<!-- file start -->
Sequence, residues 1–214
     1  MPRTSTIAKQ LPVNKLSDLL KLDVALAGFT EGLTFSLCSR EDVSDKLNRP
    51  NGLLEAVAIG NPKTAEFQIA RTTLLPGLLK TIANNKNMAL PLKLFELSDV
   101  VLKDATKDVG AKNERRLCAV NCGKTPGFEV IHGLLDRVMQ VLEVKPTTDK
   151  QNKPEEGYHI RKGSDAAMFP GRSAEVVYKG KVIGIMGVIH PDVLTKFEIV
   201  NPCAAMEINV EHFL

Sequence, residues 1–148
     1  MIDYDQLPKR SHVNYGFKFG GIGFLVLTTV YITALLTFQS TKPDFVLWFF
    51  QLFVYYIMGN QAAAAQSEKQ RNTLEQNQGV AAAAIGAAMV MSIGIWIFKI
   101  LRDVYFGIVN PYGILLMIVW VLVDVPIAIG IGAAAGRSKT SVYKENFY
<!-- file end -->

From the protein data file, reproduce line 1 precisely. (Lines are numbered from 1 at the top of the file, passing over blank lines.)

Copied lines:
Sequence, residues 1–214